Beth, we build our panels to customer specification. In this case the customer wanted Brand Y (the utterly scrambled LED/Input numbers). My company does a bit more business with Brand X.
To be fair to Brand Y, there IS a pattern to it, but it is such an off-the-wall pattern as to be scrambled.
The result pushes paranoia buttons. It feels like Brand Y is intentionally out to get us.
My preference for networked IO is actually Brand Z. It has the best terminal block, and intuitive LED, terminal, and program numbering. They fail only in that they are not widely accepted by the customers we deal with, not even widely accepted in the USA.
I purely hate it when you can have all the answers right and still fail. There's no justice in this cruel world.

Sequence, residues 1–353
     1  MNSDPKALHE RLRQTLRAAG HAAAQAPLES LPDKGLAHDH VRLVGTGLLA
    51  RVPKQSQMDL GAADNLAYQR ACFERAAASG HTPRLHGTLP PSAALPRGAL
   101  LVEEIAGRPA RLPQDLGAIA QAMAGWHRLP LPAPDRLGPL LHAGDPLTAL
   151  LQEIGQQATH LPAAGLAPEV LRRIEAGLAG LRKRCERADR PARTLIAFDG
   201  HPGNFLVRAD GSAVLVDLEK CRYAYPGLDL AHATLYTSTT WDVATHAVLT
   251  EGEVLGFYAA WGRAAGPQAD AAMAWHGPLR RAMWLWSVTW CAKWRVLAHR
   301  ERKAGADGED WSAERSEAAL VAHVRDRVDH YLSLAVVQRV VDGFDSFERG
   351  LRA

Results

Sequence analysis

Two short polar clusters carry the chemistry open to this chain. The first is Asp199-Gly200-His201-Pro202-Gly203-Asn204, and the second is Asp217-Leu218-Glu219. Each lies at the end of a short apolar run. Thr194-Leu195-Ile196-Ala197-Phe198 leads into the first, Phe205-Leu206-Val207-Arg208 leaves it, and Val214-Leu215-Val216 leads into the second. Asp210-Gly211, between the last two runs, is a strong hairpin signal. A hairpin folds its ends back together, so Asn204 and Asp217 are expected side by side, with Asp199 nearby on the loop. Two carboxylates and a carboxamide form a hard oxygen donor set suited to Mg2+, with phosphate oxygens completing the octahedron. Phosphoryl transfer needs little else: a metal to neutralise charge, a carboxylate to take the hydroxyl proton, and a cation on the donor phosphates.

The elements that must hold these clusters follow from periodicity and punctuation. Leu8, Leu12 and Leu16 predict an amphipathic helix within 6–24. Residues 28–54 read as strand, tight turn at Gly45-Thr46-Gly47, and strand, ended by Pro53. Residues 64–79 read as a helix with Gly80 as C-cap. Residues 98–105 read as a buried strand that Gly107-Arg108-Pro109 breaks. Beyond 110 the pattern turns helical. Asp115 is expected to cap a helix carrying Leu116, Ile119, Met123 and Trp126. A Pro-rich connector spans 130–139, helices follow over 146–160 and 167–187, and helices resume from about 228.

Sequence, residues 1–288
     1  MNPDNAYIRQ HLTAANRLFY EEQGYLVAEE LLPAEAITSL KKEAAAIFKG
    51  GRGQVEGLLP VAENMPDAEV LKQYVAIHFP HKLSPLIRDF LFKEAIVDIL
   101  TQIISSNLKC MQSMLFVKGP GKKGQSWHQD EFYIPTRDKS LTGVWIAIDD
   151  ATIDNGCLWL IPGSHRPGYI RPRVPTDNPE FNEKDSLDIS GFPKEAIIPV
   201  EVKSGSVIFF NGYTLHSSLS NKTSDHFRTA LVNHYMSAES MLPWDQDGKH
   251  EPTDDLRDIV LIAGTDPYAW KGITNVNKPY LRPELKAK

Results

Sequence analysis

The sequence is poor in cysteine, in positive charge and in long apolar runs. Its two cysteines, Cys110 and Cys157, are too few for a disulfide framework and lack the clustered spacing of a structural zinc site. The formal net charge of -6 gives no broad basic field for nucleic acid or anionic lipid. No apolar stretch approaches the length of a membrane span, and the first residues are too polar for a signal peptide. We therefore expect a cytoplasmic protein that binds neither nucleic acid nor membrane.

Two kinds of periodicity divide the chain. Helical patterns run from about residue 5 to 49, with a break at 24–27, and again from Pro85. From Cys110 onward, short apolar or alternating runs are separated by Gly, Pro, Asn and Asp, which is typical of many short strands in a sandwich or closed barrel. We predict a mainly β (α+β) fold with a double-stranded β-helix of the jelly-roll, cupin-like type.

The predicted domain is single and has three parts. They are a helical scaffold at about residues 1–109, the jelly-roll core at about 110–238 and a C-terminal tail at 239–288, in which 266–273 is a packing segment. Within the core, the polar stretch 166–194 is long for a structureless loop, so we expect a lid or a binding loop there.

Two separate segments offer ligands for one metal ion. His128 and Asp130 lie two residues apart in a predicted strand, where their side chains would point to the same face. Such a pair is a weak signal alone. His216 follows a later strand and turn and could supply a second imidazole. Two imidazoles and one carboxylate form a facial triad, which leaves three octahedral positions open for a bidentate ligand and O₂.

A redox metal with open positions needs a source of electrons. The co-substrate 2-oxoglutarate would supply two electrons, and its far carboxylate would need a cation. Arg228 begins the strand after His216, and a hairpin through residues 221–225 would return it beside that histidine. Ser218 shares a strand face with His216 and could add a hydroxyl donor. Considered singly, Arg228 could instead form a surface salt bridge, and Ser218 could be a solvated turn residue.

Sounds like a clear cut case of laziness and poor oversight--unfortunately, not at all uncommon in today's grind-it-out-to-market culture. So is your firm back to using the original networked I/O product as a result?
The company says it anticipates high-definition video for home security and other uses will be the next mature technology integrated into the IoT domain, hence the introduction of its MatrixCam devkit.
Siemens and Georgia Institute of Technology are partnering to address limitations in the current additive manufacturing design-to-production chain in an applied research project as part of the federally backed America Makes program.
Most of the new 3D printers and 3D printing technologies in this crop are breaking some boundaries, whether it's build volume-per-dollar ratios, multimaterials printing techniques, or new materials types.
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